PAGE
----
The quality of Major League Soccer is "definitely improving," according to former Manchester United manager Sir Alex Ferguson.
Ferguson, who was in New York City for the announcement of the schedule for the 2017 International Champions Cup, said he's been watching the U.S. top flight closely in recent seasons and is encouraged by what he's seen.
"I've been watching very carefully over the last few years," Ferguson told ESPN FC. "They've had some major changes. One, they've started some academy systems and that's very, very important. I think that what they probably need is more professional coaches. I think that's something for the future."
The vast size of the U.S. is one problem the league faces, according to the man who won 13 Premier League titles at Old Trafford, because of the challenges it presents to supporters travelling to watch their teams away from home.
"It's a big country, the United States," he said. "If you look at Europe, I can go on a flight from Manchester to Berlin in an hour-and-a-half . Maybe at some point, regional leagues will come into it. Because one of the benefits of Europe is that supporters can travel. It's more difficult in the United States to go six hours to support your team. And supporters are vital to the atmosphere."
Ferguson also commented on the possibility of promotion and relegation in MLS, an option the league has repeatedly said it's against for a variety of reasons. And he admitted the system would have its challenges in MLS, where the idea does not have the ingrained history it does in Europe's top leagues.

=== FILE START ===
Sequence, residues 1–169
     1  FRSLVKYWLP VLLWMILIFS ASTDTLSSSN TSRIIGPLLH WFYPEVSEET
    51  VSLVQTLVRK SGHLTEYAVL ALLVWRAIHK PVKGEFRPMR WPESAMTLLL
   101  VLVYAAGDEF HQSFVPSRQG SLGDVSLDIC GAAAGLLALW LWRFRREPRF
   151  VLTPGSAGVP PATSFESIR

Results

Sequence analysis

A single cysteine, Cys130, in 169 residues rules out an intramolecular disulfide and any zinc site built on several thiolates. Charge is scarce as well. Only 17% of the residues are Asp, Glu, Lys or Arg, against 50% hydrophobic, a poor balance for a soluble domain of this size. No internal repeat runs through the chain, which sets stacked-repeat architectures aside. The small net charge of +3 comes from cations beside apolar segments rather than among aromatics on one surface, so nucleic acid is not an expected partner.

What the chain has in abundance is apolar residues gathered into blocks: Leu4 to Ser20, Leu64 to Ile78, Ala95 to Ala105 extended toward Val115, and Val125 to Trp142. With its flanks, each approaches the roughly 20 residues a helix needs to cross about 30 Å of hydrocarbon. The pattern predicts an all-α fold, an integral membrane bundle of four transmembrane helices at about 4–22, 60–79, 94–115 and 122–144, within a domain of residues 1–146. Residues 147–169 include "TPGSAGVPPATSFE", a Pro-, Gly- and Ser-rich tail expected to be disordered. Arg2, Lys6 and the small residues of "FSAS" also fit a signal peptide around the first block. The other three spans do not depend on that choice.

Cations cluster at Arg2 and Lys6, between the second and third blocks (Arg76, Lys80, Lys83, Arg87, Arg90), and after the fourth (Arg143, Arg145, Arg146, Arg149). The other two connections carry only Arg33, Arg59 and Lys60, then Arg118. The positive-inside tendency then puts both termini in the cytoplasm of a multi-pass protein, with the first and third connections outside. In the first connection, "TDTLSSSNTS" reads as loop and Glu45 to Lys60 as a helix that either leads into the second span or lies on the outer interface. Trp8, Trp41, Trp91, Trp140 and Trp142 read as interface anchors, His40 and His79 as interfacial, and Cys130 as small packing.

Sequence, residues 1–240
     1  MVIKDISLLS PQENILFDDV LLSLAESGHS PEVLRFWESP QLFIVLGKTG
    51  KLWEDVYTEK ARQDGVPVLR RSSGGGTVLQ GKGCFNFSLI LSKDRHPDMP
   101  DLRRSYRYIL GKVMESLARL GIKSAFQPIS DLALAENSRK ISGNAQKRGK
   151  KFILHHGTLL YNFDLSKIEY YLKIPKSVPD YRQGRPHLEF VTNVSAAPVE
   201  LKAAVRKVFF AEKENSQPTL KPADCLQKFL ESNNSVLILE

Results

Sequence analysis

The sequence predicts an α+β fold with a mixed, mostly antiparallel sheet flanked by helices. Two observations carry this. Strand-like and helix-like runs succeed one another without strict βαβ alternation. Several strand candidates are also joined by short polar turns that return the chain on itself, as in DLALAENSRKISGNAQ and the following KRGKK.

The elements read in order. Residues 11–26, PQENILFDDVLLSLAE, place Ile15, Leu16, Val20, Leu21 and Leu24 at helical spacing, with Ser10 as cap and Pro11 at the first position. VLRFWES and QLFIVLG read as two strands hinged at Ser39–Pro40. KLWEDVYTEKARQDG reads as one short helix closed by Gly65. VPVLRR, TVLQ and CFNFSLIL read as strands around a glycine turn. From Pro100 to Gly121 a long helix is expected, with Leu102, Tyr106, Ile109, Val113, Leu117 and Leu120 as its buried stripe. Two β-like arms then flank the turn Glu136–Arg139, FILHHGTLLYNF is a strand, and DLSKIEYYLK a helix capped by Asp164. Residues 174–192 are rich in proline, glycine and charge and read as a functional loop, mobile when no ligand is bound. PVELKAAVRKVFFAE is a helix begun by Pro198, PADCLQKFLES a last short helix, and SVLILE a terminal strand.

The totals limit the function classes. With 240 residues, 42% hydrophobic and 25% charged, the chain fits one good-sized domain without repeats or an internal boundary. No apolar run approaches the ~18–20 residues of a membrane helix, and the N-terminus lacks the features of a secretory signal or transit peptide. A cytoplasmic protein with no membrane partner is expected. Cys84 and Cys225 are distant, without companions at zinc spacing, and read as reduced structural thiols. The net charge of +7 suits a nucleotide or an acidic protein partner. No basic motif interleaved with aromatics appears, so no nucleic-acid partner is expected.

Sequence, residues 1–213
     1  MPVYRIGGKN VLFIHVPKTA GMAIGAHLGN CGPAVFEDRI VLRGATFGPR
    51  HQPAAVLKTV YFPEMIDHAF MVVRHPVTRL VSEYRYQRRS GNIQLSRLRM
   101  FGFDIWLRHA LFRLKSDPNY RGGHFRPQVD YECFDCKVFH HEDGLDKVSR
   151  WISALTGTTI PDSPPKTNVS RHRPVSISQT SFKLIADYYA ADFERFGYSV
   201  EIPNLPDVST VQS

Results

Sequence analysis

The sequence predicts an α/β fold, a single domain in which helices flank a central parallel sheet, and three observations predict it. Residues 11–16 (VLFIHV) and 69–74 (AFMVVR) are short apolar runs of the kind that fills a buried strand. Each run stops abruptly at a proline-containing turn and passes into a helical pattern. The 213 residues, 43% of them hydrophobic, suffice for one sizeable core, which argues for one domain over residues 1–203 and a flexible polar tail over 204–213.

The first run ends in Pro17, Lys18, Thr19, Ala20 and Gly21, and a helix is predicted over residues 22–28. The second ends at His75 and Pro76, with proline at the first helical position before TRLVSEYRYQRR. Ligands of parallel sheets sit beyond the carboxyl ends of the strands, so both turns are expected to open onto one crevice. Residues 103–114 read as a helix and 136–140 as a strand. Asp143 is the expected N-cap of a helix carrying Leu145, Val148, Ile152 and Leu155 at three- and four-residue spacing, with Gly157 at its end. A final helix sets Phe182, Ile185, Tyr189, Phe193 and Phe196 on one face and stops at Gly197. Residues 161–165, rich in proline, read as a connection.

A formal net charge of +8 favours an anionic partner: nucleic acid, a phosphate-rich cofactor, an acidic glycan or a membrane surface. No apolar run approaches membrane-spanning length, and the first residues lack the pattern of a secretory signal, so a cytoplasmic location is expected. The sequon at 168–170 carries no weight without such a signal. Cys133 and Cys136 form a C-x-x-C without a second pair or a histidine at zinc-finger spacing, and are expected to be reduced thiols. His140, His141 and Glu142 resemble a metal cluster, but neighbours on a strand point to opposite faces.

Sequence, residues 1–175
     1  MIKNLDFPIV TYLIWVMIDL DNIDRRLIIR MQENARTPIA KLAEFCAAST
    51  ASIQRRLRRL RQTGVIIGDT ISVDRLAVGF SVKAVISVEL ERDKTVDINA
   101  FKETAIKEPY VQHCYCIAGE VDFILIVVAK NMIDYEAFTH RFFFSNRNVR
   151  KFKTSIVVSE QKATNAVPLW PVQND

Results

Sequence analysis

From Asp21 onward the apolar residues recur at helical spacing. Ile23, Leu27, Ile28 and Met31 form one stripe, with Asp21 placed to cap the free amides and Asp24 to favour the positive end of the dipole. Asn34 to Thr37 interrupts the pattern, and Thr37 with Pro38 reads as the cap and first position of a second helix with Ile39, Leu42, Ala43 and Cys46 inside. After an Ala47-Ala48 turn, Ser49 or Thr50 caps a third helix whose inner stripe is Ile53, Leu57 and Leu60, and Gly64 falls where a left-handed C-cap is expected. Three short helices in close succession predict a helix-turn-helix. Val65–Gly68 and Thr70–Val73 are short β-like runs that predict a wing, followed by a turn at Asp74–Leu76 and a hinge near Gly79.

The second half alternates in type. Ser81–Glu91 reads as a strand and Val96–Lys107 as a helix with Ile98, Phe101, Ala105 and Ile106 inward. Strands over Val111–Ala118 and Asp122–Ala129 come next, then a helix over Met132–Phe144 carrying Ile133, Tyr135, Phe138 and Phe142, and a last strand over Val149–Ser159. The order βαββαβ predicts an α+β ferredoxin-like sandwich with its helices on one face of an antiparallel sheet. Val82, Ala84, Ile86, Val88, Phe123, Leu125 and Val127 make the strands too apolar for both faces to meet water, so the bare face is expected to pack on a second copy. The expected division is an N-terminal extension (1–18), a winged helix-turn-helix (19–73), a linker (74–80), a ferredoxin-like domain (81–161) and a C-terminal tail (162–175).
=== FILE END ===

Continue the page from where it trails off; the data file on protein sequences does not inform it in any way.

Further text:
"You could be with the smallest club in England, and in 10 years time you could win the trophy of the Premier League," Ferguson said. "Relegation can bring a pressure on clubs, that's for sure. And maybe [MLS is] not ready for that. Maybe there aren't enough clubs to have a second division related to the first division in MLS. That maybe takes time."
One thing that Ferguson was confident about was the impact new arrival Bastian Schweinsteiger will have on the league after agreeing to a deal to join the Chicago Fire on Monday. Although Ferguson never coached Schweinsteiger at United, he was around to see his impact on the club in the years following his retirement.
"I think there's plenty left," he said of the German World Cup winner. "Unfortunately, he had an injury last season and he was out for a while and when he came back we had a new manager and the new manager, Jose [Mourinho], had his own ideas.
"His move will come at the right time for him. He's a huge figure. He's very popular with the United players and fans, and he'll make an impact."